Pacific Marine Batteries CEO Steve Faulkner in the defence company's Adelaide facility with a giant Collins-class submarine battery (photo : The Australian)
THE head of Australia's submarine company has urged the Coalition to support the federal government's commitment to build a new fleet in Australia, to avoid a strategic capability gap.
ASC managing director Steve Ludlam said the $214 million committed by the Gillard government for early-stage design work was crucial to ensuring the submarines would be built in time to take over from the ailing Collins fleet.
He also said buying an overseas pre-fabricated submarine that would be suitable for Australian waters was not possible.
"I hope that if there is a change of government they would follow the commitment that has been delivered," said Mr Ludlam, the former head of Rolls-Royce Submarines in Britain.
SA-based Pacific Marine Batteries has spent more than $1 million on research and development in anticipation of providing power for the next generation of submarines.
Chief executive Steve Faulkner was hopeful an Australian-built fleet will allow the development of an advanced version of his company's 440-tonne battery, currrently used in the Navy's Collins Class boats.
The government has announced that it will build the new fleet in South Australia, regardless of whether the final design is a military off-the-shelf design, or an Australian model.
However, opposition Treasury spokesman Joe Hockey has said the government should not rule out overseas construction of the submarines.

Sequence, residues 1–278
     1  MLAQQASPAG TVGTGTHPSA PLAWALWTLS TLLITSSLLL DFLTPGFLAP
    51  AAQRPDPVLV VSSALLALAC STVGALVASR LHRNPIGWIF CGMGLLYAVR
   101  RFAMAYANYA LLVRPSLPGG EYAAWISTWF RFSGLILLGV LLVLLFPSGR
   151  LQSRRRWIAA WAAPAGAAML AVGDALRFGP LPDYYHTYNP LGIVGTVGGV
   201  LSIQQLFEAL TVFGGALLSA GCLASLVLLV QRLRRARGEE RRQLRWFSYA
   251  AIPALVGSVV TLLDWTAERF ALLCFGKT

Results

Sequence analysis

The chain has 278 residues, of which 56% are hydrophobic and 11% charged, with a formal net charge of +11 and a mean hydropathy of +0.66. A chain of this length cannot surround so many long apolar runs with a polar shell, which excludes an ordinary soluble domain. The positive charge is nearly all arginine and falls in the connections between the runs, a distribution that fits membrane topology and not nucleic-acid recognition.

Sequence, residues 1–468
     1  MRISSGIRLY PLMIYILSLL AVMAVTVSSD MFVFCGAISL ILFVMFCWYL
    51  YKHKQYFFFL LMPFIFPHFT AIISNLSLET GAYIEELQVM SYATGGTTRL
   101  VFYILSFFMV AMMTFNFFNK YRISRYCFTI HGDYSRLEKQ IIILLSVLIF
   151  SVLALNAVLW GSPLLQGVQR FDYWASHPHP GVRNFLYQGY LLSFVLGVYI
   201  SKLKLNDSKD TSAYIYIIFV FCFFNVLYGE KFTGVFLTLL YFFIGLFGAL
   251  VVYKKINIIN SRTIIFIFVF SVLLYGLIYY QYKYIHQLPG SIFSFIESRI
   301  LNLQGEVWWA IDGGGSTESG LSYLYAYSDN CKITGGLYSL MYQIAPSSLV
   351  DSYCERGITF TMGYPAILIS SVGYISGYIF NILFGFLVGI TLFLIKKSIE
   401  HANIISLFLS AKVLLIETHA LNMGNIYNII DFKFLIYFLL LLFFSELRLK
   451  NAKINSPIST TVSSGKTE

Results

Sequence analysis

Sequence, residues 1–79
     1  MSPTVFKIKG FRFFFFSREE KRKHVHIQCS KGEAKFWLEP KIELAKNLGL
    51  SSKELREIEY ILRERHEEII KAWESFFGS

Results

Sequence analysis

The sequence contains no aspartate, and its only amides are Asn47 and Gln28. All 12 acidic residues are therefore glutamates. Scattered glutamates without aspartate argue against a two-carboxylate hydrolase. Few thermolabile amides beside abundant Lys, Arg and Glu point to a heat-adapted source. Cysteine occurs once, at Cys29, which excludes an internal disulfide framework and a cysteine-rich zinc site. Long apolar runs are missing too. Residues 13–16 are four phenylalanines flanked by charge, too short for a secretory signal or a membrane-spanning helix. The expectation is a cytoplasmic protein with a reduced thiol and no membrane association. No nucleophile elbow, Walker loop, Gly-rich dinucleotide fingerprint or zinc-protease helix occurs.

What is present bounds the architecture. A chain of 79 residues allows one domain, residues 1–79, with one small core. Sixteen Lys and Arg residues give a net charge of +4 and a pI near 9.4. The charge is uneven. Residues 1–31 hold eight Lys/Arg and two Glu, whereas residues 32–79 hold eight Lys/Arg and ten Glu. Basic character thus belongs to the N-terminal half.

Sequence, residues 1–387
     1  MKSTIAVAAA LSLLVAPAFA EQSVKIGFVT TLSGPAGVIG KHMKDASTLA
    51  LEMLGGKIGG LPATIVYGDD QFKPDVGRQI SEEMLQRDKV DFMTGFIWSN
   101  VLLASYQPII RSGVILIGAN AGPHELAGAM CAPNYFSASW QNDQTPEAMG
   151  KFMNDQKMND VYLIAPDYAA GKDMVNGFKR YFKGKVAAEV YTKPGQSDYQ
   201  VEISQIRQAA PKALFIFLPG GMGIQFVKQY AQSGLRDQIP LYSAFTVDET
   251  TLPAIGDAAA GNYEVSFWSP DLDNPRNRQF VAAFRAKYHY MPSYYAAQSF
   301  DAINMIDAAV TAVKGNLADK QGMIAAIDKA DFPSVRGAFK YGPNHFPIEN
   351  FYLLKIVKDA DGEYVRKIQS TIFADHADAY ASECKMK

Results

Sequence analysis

And he has indicated that a Coalition government would consider a cheaper, pre-made vessel.
"Either that's $200m that is going to be wasted or else the government is going to have a proper analysis of whether there are alternatives to having these submarines manufactured in Australia," Mr Hockey told ABC radio.
Mr Ludlam said the difference between an off-the-shelf and an Australian-designed model would be up to $8 billion.
"Whichever design it is, the vast majority of the build work will be done here," he said. He also warned that a submarine designed for northern hemisphere waters would be unlikely to meet the Australian navy's requirements. "To take the off-the-shelf solution -- I don't think that actually exists," he said.
"There is an enormous amount of design work involved in a submarine that comes from Europe to bring it to Australian standards."
The government stepped up its attack on the Coalition's position yesterday, with Minister for Defence Materiel Jason Clare labelling Mr Hockey the "grim reaper" of the defence industry.
"The opposition, the Liberal Party, haven't committed to 12 submarines, they haven't committed to any submarines at all, they haven't committed to do it in Adelaide," Mr Clare said.